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Walking in a Winter Wonderland

Video credit goes to Parafilm Productions

Having endured seven winters in Arctic Norway you would have thought I had had quite enough of extreme temperatures and an unforgiving landscape covered in deep snow poised and ready to engulf those unprepared to engage with this ferocious environment. So it may come as a surprise that I can’t think of anything further from the truth, for there is nothing more exhilarating than a winter trail. Whether you’re experiencing the beauty of the Northern Lights in the far reaches of the arctic tundra, or gazing with total bewilderment as you carve out a route stomping across the North York Moors.

This is a very special time within the walking calendar where we can encapsulate all the beauty of our wonderful winter season. Experience that bite in the air that prompts us to continue on our path, cutting through the landscape, attentive to every step, unaware of the hidden danger lurking beneath a few inches of fragile snow. We pause to check out the countless creatures that have gone before us leaving a tale in the snow with their own tracks. This clutter of higgledy-piggledy footprints once referred to by Ernest Thompson Seton as “the oldest known writing on earth.” Fragments of frozen snow enhance the beauty of each boot print as you cross this unforgiving landscape.

Enter the forest and that once vibrant mass of colour reduced to an army of stripped lifeless timbers. The ice clinging to every twig beating the branch into submission, oh how they must yearn for the first signs of spring. Contouring down to the wooded valley bottom, the roar of the river hits you long before it comes into view. A torrent of water cascades down from the hills forming an ever impressive obstacle of white water frothing from the very mouth of the river. A sudden movement catches my attention and quickly I look to my left and focus on the wily feathery silhouette of a dipper moving stealthily through the snow close to the river edge. Then without further warning disappears into the cold depths of the Icy water in search of its next winter meal.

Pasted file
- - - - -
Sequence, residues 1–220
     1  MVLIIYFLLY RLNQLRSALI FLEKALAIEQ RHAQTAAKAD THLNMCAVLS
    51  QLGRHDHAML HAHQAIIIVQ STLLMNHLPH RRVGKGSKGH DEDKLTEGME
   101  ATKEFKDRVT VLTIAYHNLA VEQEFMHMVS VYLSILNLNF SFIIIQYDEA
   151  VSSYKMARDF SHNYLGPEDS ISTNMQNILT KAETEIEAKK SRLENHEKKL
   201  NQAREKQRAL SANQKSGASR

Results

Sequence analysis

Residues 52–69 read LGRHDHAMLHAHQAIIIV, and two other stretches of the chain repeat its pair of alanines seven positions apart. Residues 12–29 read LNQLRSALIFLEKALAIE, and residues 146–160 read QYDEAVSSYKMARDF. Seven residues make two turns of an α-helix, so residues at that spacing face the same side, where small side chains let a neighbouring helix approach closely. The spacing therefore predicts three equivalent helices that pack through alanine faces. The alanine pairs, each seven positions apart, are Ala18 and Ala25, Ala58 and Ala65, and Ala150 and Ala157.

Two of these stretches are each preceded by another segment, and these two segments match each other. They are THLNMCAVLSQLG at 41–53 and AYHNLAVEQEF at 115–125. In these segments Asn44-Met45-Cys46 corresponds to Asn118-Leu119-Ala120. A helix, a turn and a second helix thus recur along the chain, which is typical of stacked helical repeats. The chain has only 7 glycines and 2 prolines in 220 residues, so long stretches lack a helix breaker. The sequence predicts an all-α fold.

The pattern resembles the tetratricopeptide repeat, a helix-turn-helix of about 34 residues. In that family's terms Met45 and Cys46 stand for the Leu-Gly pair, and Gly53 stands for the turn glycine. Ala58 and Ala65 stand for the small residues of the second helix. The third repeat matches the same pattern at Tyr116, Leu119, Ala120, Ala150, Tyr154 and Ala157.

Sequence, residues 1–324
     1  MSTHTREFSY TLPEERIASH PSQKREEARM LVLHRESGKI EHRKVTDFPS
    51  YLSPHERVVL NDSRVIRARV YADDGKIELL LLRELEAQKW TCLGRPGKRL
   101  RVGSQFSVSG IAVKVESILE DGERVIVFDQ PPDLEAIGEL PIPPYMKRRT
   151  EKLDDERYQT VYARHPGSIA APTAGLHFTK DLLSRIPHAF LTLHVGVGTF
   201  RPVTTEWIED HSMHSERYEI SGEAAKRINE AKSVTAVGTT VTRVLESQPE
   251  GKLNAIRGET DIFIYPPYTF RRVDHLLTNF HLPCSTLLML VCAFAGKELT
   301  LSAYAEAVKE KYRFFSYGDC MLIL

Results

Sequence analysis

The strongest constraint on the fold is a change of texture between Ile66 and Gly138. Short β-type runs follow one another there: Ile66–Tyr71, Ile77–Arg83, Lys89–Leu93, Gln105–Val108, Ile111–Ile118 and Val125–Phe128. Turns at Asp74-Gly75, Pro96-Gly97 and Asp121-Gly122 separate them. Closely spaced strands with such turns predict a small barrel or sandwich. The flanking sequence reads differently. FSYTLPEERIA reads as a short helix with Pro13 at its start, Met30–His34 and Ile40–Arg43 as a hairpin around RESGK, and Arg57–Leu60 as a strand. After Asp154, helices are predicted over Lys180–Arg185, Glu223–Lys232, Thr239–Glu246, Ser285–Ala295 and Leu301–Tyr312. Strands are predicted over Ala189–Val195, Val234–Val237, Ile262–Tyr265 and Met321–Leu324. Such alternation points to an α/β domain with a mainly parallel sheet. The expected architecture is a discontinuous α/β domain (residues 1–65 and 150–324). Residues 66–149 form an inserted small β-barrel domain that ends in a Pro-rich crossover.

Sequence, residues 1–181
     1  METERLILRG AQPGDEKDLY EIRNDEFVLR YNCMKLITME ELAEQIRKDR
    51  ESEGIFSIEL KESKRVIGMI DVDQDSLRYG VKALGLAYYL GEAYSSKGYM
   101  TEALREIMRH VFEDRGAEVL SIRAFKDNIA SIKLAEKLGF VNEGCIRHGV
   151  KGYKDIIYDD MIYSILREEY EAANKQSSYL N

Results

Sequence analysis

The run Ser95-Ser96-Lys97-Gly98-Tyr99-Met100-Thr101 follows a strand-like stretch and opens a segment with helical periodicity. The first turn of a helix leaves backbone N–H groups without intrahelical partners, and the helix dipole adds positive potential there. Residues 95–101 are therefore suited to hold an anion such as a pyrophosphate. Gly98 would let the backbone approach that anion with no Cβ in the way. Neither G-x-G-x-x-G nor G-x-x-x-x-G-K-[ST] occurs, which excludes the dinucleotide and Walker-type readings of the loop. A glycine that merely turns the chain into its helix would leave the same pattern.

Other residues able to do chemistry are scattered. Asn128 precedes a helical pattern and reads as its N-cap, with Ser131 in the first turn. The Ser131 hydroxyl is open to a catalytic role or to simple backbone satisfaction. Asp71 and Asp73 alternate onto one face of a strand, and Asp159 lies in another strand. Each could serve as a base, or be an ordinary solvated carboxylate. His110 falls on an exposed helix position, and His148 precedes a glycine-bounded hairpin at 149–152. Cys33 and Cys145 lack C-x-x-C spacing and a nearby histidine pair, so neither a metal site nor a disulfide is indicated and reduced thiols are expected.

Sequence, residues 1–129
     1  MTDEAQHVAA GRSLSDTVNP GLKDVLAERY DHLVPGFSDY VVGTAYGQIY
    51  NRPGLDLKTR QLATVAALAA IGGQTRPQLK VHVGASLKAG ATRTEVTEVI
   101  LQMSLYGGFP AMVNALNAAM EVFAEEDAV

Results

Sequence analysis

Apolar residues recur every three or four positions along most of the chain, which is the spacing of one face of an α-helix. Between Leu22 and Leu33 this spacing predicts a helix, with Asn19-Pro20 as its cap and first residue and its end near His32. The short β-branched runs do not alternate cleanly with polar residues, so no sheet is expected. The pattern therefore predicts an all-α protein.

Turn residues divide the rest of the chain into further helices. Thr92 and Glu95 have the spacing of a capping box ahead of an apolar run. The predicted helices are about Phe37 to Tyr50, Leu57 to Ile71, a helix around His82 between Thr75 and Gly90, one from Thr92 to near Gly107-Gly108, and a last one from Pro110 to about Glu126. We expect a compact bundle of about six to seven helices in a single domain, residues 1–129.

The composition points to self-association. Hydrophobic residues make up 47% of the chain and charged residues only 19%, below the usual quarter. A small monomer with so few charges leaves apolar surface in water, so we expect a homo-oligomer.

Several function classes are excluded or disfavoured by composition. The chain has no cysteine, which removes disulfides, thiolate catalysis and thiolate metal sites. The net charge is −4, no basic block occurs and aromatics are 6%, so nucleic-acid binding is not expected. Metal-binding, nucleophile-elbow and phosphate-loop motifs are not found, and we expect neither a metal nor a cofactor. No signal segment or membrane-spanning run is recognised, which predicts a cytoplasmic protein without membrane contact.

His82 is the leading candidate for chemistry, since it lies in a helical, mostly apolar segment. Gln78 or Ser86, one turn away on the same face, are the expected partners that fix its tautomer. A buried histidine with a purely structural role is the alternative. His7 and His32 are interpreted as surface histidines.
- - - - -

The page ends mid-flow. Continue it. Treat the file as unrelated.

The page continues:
There is something very enchanting about  winter walking whether it’s an appreciation of seeing this wonderful landscape in total retreat, fighting the elements and relying on the natural world to help out and survive the onslaught this bleakest of seasons can throw our way. Maybe the health benefits of winter walking are a key attraction as you consume large gasps of clear crisp and healthy air, experiencing the coldness in each lung as they are engulfed in freezing freshness.

Whatever your reasons enjoy that special moment and join Walk Yorkshire on the winter trails, witness first-hand the beauty and the mystery of this medieval landscape. Stand bold on Roulston Scar and exhibit that statement of power as you gaze into oblivion like the Brigante tribesman did several thousand years before you. On a clear day a snow covered Wherneside will be stood proud, the largest of the Yorkshire Three Peaks recognisable by its distinct flat top. This magnificent viewpoint once described by James Herriot as the finest view in England.